“God is ALL. Energy is ALL.” – Amani Abdul
Life’s experiences provide us all the opportunity to grow from and with them or to fold and be nonexistent. The purpose(s) for which a person lives and thinks he or she exists for may either be predetermined, self-identified or a mystery. Amani Abdul’s new book “Chasing Peace: Freeing Your Spirit And Releasing Your Soul” (2017) allows the reader a front row seat as to how her life evolution enabled her to not only find peace within herself but to also be a golden beam of inspiration for all people she has encountered and interacted with during her journey. Written in five parts, Abdul details how specific instances in her life guided and cultivated her into the woman which she is today. A Detroit, Michigan native, Abdul’s journey has taken her from the Motor City to various cities on the eastern coast of the United States of America, currently residing in Charlotte, North Carolina. One of the points of emphasis touched on throughout the book is how your internal structure as a human being has a tremendous effect on the outside structure and outward mechanisms of an individual. A tremendous faith in GOD, a continuous identification of positive and negative energies and a self-developed mindset to seek righteousness in all things are what drove Abdul’s pen in creating this book. Abdul details how the lives of other people which she encountered living in Detroit and Washington D.C. provided a blueprint for how and how not to go about certain things in life.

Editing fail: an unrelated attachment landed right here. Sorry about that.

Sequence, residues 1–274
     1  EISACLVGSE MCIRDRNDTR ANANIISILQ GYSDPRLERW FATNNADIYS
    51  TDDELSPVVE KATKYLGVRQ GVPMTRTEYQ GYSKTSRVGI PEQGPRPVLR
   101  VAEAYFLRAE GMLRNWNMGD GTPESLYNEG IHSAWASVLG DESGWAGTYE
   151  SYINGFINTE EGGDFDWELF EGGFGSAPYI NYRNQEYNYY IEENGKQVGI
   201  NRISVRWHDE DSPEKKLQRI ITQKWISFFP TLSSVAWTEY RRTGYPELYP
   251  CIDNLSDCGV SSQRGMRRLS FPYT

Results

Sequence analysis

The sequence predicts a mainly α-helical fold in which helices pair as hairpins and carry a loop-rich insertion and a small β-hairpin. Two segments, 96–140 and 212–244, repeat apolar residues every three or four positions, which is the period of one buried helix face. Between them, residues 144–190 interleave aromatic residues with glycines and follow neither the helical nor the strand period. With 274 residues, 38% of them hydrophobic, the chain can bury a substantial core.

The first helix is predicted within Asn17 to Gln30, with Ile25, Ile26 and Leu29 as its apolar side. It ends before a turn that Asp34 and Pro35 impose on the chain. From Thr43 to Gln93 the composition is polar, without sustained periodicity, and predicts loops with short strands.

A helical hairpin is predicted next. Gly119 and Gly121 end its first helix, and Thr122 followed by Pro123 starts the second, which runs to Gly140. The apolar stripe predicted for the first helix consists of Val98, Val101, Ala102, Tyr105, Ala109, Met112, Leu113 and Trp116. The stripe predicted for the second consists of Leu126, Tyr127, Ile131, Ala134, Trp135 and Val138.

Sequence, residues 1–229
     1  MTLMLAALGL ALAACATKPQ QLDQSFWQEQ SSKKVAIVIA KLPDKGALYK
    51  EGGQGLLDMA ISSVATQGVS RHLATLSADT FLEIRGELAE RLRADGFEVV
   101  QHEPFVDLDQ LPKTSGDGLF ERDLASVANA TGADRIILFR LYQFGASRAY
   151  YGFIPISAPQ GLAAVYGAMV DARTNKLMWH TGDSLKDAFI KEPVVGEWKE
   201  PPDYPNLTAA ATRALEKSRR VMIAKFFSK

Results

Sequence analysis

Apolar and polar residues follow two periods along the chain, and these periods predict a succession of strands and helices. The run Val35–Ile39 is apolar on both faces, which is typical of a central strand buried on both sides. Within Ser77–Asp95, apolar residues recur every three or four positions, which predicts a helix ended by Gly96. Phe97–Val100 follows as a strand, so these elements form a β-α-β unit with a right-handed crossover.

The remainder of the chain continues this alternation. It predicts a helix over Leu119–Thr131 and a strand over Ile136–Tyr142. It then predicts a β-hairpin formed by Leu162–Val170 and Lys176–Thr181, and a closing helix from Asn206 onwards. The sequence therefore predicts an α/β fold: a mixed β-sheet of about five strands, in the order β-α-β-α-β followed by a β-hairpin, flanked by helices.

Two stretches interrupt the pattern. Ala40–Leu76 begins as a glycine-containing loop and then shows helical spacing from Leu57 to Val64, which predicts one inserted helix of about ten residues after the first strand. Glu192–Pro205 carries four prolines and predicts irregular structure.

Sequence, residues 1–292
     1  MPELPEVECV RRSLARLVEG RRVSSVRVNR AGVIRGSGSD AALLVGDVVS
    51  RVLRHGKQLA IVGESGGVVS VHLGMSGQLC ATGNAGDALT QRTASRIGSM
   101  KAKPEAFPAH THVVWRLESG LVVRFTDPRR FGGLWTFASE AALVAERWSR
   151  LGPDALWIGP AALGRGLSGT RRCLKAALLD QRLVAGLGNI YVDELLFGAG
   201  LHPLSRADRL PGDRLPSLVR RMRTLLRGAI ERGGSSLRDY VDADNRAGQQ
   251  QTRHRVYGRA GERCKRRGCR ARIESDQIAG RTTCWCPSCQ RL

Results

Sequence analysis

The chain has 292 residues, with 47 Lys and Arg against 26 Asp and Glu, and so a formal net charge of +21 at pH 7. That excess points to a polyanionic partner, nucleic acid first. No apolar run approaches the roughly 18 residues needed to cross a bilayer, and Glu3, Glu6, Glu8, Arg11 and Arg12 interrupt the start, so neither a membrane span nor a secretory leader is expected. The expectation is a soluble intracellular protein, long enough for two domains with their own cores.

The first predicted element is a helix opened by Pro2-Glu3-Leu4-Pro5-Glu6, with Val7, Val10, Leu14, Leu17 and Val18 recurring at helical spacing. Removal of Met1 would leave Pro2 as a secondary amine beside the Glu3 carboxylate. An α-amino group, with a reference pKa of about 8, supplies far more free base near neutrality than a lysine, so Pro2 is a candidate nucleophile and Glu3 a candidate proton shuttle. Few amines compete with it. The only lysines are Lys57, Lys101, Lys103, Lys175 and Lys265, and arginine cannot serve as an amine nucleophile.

One of the most resonating parts of the book is “Part II: Recognizing The People In Your Life, Their Roles And Purpose Or Part In your Story.” The more we live, the more people we will encounter in life that will serve some type of purpose. The purpose is usually identified after a period of time or after that person is no longer a part of our lives. Abdul thoroughly details her personal encounters with different people and how each person played a unique role in her life journey. Writing a book based off of personal experiences (both good and bad) is not easy to convey to a reader in an effective, inspirational format, yet Abdul thrives off of engaging the reader’s mind with her factual experiences and gained wisdom. A great read, “Chasing Peace” flows like a greatly directed movie with multiple life gems on each page.
It’s the time of year where everyone has a reason to forget the problems of the world. You can ignore the Presidential race and the racism in the USA. Protests and marches can be put on pause for the next six months. August is the prelude to September and September means football.
I can see the smiles on American faces at the mention of the word football. Football is without a doubt the American game. Baseball may be the game of history, but football is the game of today. Football is dominant in American culture and practice starts in August.